• Define customer requirements, the problem, the project scope, and the customer goals.

• Measure the current product or process capability.

• Analyze what is wrong and identify possible root causes.

• Improve—find and test the possible solutions.

• Control—implement, monitor, and sustain the optimal solution.

Figure 4. A six-step process defined in terms of the six-sigma roadmap.

The DFSS process was originally used for the design and engineering of complex machines and parts, where the overall product's performance is dependent upon all of its subassemblies and components. The design specifications and capability of every individual component and subassembly is quantified by a rigorous, step-by-step drill-down from the finished product to every individual component. If each component and subassembly is six-sigma-capable within its specifications, it ensures six-sigma capability of the final product (Figure 5). In the highly regulated medical device industry, where performance and safety are critical, DFSS fits well for new product development. In a medical device scenario, each new product is designed so as to ensure defect-free performance—in other words, it is designed for its intended use with six-sigma capability.

Figure 5. Six-sigma capability: component to finished device.

Myths and Potential Barriers

One of the biggest myths of DFSS is that it introduces extraordinary amounts of bureaucracy to the product development process. There is a perception that it increases timelines and delays product launches. In fact, the opposite is true. By identifying the characteristics that are critical to quality, DFSS focuses on the right scope, deliverables, and necessary activities of each stage, providing speed and flexibility to the process. Teams are empowered to make decisions, but they are also held accountable for those decisions. Decisions are made by assessing and addressing all potential risks.

Another misconception is that a structured product development process stifles creativity and innovation. DFSS actually stimulates innovation in product development by focusing on understanding the unmet needs of the market or the customer. Products that fulfill those unmet needs are the result of innovative solutions and execution.

Product development is all about bringing new products to market and leveraging validated and proven technologies and core competencies. Long-term research that creates breakthrough and disruptive technologies should be conducted at a basic research level.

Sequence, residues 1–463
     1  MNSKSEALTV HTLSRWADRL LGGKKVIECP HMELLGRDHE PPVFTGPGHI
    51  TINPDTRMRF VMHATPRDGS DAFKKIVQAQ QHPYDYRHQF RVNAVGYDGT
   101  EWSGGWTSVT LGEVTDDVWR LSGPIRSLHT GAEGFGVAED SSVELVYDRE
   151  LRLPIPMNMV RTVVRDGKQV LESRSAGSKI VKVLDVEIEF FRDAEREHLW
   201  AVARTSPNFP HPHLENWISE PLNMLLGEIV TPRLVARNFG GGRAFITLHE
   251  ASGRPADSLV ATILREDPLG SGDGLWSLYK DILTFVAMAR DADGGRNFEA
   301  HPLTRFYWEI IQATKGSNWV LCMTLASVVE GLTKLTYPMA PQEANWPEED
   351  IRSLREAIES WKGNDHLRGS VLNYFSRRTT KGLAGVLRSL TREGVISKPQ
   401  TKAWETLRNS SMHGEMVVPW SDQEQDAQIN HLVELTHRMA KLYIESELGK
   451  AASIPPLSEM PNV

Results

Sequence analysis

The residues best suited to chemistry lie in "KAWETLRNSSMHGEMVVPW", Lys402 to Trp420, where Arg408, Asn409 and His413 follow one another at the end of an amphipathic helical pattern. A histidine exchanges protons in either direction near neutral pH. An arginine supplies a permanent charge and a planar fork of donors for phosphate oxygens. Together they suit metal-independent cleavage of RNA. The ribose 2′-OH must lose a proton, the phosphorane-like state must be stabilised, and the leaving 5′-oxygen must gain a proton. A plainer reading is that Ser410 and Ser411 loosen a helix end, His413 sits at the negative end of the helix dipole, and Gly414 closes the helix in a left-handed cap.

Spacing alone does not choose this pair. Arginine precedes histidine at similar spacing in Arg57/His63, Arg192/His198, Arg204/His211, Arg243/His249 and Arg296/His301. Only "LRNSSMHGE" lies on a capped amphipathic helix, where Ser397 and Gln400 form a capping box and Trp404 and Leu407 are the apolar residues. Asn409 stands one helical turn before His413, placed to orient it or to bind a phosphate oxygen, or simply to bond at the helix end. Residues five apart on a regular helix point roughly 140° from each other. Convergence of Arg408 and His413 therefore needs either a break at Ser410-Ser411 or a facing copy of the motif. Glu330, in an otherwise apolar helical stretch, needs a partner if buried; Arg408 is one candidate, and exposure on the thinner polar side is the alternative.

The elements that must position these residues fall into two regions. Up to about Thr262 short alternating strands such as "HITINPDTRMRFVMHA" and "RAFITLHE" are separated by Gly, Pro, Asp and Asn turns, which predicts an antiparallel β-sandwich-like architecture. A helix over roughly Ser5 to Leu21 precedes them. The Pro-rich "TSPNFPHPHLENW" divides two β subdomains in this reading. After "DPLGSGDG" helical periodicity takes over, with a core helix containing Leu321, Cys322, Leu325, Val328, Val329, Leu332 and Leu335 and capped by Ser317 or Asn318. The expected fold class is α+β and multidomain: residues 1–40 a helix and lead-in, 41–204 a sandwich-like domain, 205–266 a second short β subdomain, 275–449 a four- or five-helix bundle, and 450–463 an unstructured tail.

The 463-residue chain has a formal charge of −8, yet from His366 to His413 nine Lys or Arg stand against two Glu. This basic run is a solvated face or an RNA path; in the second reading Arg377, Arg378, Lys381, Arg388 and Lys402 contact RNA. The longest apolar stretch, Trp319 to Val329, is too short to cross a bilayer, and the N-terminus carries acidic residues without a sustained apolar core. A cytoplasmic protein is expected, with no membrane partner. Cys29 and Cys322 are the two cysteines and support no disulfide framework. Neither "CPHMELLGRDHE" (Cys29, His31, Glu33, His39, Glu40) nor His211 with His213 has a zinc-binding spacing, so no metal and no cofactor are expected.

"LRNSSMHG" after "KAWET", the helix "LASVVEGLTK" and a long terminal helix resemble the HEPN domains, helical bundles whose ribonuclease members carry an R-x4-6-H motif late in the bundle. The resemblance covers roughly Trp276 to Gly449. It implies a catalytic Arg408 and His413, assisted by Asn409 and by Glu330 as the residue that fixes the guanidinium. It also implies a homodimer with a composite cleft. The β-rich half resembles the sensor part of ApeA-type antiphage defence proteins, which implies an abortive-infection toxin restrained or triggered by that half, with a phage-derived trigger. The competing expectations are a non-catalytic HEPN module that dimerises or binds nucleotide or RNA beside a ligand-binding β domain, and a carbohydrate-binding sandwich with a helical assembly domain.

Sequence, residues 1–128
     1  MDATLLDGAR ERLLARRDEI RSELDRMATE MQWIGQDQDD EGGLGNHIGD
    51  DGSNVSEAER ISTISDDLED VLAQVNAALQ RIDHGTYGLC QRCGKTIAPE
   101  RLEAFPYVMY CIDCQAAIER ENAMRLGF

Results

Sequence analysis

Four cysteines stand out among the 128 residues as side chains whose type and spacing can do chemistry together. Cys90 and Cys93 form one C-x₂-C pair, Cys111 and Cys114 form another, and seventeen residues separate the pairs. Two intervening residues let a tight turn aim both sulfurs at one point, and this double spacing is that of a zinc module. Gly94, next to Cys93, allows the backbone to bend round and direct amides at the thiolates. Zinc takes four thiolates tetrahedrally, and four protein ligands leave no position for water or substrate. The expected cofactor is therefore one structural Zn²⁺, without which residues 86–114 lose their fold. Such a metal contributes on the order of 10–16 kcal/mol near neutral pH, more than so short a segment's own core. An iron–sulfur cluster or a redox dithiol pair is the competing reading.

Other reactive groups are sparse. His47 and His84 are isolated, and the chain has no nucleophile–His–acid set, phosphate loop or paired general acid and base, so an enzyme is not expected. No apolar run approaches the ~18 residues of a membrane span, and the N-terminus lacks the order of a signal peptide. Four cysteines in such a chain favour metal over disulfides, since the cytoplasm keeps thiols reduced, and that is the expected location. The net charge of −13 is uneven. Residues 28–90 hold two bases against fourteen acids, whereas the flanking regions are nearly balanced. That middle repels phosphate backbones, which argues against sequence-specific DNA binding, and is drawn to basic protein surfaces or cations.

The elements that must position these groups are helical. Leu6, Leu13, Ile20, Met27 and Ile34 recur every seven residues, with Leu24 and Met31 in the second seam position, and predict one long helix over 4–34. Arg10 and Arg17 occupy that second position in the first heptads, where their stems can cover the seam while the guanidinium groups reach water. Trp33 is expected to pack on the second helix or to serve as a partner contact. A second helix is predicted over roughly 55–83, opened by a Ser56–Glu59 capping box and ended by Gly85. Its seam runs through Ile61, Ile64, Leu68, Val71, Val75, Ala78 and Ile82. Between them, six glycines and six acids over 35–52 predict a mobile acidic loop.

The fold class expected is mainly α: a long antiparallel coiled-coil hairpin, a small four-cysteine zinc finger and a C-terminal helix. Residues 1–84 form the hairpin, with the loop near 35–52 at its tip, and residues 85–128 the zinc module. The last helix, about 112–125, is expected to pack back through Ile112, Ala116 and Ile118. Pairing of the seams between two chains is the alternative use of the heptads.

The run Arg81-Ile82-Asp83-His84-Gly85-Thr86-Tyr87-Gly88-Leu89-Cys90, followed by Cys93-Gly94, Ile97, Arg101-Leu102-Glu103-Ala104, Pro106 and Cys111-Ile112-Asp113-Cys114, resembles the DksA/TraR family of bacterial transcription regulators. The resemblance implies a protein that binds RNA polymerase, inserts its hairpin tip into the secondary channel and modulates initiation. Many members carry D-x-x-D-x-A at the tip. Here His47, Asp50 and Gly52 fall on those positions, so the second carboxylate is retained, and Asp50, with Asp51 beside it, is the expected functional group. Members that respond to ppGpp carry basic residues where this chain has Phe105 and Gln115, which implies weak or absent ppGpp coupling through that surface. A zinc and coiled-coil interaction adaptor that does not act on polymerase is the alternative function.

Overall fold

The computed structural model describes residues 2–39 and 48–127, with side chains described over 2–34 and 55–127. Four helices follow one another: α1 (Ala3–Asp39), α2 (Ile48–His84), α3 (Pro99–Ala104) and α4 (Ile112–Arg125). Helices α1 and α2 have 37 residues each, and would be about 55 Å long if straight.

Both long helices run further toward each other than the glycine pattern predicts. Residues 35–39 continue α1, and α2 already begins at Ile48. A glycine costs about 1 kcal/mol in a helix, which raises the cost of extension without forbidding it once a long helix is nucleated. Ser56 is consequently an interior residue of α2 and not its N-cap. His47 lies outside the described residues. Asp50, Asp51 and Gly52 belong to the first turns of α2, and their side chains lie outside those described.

These activities should be part of the long-term growth plan of the organization. Once the capabilities and potential of the breakthrough technologies have been validated, they can be used as platforms to spin off many new products for specific customers and applications using DFSS and the new product development process.

The biggest hurdle for any initiative is the buy-in, support, and involvement of upper management. There must be a shared vision from high-level managers. They must be integrally involved in the process and facilitate the cultural change. Results from such growth initiatives often take between two and three years to realize, compared to cost-cutting and productivity programs that realize benefits in six months to one year. The commitment must be sustained for the far foreseeable future.

Benefits of Design for Six Sigma

The benefits of a rigorous, data-driven product development process include:

• Clearly defined product requirements based on intended use.

• A fundamental understanding of the components and processes used to manufacture the device.

• Differentiated and high-quality new products.

• Cycle-time reduction and speed to market.

• Increased revenues and profits.

• Flexibility to respond to new requirements, applications, and regulations.

• Better assessment of risks through the product development cycle.

• Sustainable products and processes.

Conclusion

DFSS can be integrated effectively into a company's existing product development process. It uses a systematic, data-driven approach to quantify critical product requirements based on the intended use. Products are designed and developed by fundamentally understanding how components, subassemblies, and processing quantifiably relate to the performance of the finished device.

Finished devices can be designed, developed, manufactured, and sold with six-sigma quality and capability, meeting the end-user needs for safe and effective products. Implementing the concept leads to product innovation, consistency, and reliability, as well as sustainable sales, revenues, and profits.

References

1. Robert G Cooper, Winning at New Products, 3rd ed. (New York City: Harper Collins, 2001).
2. Richard Osborne, “New Product Development – Lesser Royals,” Industry Week 65, no. 3 (April 2002): 251–253.
3. Pete Collins, Fast Growth Companies Make Innovation a Way of Life (New York City: PriceWaterhouseCoopers, March 2005).
4. Robert G Cooper, “The New Product Process: A Decision Guide for Managers.” Journal of Marketing Management 3, no. 3 (1988): 238–255.
5. Code of Federal Regulations, 21 CFR 820, Quality System Regulation.

Copyright ©2005 Medical Device & Diagnostic Industry